In this update: 1) Work-sharing resources; 2) If you have to apply by phone and are waiting for an NJDOL call; 3) Trouble with the online form/fraud victims waiting for a call; 4) If your claim is filed but you haven’t gotten any payments; 5) The union’s Work-Sharing Loan Program; 6) Do NOT certify and the mailings from NJDOL; and 7) Setting up direct deposit.
It’s been a while since our last general update about work-sharing, but unfortunately, we’ve had less to tell you than we wanted.
At the halfway point in the program, most of you have successfully applied for unemployment and are receiving payments. But far too many work-sharing participants are stuck short of that—some with problems even getting into the system and others still waiting for your first payments after being approved weeks ago.
Throughout this time, we have been pressing the New Jersey Department of Labor (NJDOL) and University Human Resources (UHR) to move our work-sharing program along. At times they have responded and improved the process, but we have been disappointed with the lack of action in the past several weeks. Though we have given NJDOL and UHR multiple ways of resolving cases, we know some of you are still waiting for further support. We are frustrated by this, as we know you are, and we are committed to continuing to push for a quick resolution to all of your claims. Please know that you will eventually receive your full payments from this program, even if those payments are maddeningly delayed.
Below, we’ll deal with specific information for the different problems some of you are experiencing. Look for the section that applies to you and read it carefully. We thank you for your patience as we do everything we can to resolve these problems.
1. Work-Sharing Resources
- Unemployment Filing Instructions
- Online Form to Check Your Claim Status
- Communications You May Receive from NJDOL (and What to Do with Them)
- Instructions for Selecting Direct Deposit
- Union Form to Report Problems with Applying
2. If You Have to Apply by Phone and Are Still Waiting for an NJDOL Call
Earlier this month, we submitted a list of people without a New Jersey state ID who need a phone call from NJDOL in order to complete the application process. But to our knowledge, no one on that list has gotten a call.
This is highly frustrating, and unfortunately, we don’t know of any other way of getting your claim addressed. We do know that most faculty who have to apply by phone were able to talk to an agent during the first round of calls late last month, and their application was approved (though some are still waiting to receive payments). So this process will work once we get NJDOL to call you.
This week, we were told by an NJDOL representative that the list had been sent to a department in charge of making calls, so it is possible that the calls will finally be made soon. We have to repeat the advice that we’ve told you before: watch for any call to the number(s) you put down in the Google form and pick up if you possibly can. Remember that the calls will come from a number and name that won’t be familiar to you (watch for these two numbers especially: 732-761-2020 and 201-601-4100).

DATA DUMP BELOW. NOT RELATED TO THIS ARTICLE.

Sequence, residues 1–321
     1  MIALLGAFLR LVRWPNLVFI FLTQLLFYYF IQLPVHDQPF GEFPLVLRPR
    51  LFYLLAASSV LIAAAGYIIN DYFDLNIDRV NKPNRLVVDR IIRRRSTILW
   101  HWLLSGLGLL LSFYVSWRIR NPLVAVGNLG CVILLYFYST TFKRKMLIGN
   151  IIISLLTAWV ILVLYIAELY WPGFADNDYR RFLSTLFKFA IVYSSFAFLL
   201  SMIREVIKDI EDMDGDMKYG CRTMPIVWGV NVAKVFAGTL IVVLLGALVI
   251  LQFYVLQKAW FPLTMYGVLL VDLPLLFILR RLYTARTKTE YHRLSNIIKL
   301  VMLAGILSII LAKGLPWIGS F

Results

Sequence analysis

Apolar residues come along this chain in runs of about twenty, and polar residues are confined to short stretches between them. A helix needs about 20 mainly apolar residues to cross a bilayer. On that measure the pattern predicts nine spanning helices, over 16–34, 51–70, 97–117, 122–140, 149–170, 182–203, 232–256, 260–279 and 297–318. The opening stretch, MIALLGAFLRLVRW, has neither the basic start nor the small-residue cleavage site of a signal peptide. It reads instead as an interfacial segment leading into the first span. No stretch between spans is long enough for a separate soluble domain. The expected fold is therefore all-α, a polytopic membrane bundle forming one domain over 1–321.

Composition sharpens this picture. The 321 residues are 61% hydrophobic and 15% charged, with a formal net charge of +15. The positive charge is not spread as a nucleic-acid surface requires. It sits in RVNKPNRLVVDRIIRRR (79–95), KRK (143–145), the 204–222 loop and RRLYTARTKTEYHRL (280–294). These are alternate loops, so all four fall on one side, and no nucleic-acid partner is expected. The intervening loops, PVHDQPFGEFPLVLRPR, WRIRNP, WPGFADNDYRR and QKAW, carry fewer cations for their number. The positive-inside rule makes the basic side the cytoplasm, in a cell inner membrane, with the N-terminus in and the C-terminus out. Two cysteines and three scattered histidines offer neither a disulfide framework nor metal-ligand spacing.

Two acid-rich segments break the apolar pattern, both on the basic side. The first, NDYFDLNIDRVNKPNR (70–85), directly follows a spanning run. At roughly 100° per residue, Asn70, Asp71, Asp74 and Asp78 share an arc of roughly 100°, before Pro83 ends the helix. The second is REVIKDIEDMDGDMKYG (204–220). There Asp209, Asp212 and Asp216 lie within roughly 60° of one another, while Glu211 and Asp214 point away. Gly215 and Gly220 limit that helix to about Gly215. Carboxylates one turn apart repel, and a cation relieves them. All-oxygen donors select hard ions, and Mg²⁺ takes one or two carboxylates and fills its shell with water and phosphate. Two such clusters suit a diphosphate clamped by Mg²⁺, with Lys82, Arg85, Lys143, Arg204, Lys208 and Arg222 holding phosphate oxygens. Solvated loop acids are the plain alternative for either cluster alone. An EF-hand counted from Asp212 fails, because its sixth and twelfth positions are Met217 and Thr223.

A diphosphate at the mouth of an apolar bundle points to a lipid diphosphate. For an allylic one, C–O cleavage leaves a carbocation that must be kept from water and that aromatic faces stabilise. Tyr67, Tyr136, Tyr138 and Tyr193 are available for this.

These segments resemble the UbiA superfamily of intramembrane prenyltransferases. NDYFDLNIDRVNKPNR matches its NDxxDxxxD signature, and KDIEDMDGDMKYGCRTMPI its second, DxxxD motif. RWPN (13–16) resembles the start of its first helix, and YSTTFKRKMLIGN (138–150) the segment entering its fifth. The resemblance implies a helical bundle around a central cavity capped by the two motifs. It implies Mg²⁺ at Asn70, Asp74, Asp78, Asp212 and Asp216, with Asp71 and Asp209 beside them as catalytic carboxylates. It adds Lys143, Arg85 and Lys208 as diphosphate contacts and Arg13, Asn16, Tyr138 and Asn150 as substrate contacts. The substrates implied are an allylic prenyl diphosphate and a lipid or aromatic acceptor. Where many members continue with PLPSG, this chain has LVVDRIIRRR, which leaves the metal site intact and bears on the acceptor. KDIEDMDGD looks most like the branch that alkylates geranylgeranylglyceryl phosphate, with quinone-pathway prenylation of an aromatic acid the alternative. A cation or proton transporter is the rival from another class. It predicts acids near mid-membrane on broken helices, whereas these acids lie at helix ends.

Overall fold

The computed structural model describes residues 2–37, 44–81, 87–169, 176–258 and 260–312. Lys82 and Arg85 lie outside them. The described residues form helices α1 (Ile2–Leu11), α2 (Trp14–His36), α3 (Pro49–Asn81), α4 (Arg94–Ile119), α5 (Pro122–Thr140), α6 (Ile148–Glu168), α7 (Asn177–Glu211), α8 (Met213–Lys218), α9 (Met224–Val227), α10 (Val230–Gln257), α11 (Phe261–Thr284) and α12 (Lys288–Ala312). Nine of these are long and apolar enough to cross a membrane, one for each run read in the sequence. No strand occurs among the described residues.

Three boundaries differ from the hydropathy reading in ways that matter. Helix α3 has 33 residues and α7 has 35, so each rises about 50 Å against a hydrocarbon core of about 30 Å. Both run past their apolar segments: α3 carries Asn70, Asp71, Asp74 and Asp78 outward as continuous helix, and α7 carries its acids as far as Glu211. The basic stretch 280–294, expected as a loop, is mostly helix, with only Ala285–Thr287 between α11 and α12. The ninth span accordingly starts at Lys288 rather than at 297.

We won’t stop working on this until all of you who are waiting for a call from NJDOL are approved and getting payments. And we want to remind you: no matter how long it takes, once payments do start, they will be retroactive to the start of the program in April.
3. If You Had Trouble with the Online Form or if You’re a Fraud Victim Waiting for an NJDOL Call
A smaller number of you are in the same boat—waiting for a call from an NJDOL agent because you had trouble completing the online form or are an unemployment fraud victim who hasn’t yet been contacted by NJDOL. We compiled a list of these participants over a week ago, but we are still waiting for action. As we said above, there is simply no other way to get these cases addressed except through direct contact with an NJDOL agent.
We do know that NJDOL has the list, and we’ve been told that it had been forwarded to the units within the department that deal with these problems. So the calls could start coming any time. We’ll repeat the advice we gave you above: watch for any call to the number(s) you put down in the Google form and pick up if you possibly can. Remember that the calls will come from a number and name that won’t be familiar to you (watch for these two numbers especially: 732-761-2020 and 201-601-4100).
Once again, we thank you for your patience while we continue to press NJDOL to deal with these cases. And we want to likewise assure you that, no matter how long it takes, we won’t stop working on this problem until you get all the payments due to you for the full length of the program.
4. If Your Claim Is Listed as Filed, but You Haven’t Gotten Any Payments
Many of you who applied online when the work-sharing program began started receiving payments from the state system early this month, with the separate $300-a-week federal payment following a week or two later. But others who applied in that first week are still waiting for your first payment. We don’t know why payments are delayed for some of you and not for others. People at UHR say these delays have happened in previous work-sharing programs they’ve run over the past year, and they’re equally mystified.